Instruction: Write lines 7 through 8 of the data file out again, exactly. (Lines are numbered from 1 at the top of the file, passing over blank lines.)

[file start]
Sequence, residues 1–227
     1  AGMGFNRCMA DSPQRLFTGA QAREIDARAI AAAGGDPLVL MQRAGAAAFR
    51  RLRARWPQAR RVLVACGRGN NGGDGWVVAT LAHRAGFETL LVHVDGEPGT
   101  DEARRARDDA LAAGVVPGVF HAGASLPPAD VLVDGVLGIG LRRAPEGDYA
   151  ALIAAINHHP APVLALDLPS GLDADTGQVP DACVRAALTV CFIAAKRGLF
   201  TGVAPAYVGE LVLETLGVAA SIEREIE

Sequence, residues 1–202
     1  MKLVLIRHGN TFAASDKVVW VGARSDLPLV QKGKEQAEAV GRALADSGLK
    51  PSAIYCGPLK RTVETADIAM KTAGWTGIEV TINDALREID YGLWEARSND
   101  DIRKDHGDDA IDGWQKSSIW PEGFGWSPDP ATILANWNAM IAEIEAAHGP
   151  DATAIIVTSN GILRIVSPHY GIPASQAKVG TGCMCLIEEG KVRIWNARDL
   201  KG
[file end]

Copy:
Sequence, residues 1–202
     1  MKLVLIRHGN TFAASDKVVW VGARSDLPLV QKGKEQAEAV GRALADSGLK